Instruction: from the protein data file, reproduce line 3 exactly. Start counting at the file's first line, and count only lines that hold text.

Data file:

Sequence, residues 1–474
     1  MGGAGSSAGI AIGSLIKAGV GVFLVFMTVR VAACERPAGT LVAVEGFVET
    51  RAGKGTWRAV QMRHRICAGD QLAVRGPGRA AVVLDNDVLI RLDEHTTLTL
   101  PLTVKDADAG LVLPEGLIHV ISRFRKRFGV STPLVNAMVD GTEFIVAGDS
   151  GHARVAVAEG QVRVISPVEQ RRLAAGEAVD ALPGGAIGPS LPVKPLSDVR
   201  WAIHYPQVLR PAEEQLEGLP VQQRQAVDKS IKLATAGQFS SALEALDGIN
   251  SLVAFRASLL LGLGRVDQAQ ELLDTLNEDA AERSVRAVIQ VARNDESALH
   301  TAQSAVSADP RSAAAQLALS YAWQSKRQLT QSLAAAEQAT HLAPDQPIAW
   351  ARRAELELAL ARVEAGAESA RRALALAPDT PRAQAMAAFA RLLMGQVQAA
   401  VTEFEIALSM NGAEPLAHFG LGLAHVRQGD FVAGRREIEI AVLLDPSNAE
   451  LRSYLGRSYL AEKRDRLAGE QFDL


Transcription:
    51  RAGKGTWRAV QMRHRICAGD QLAVRGPGRA AVVLDNDVLI RLDEHTTLTL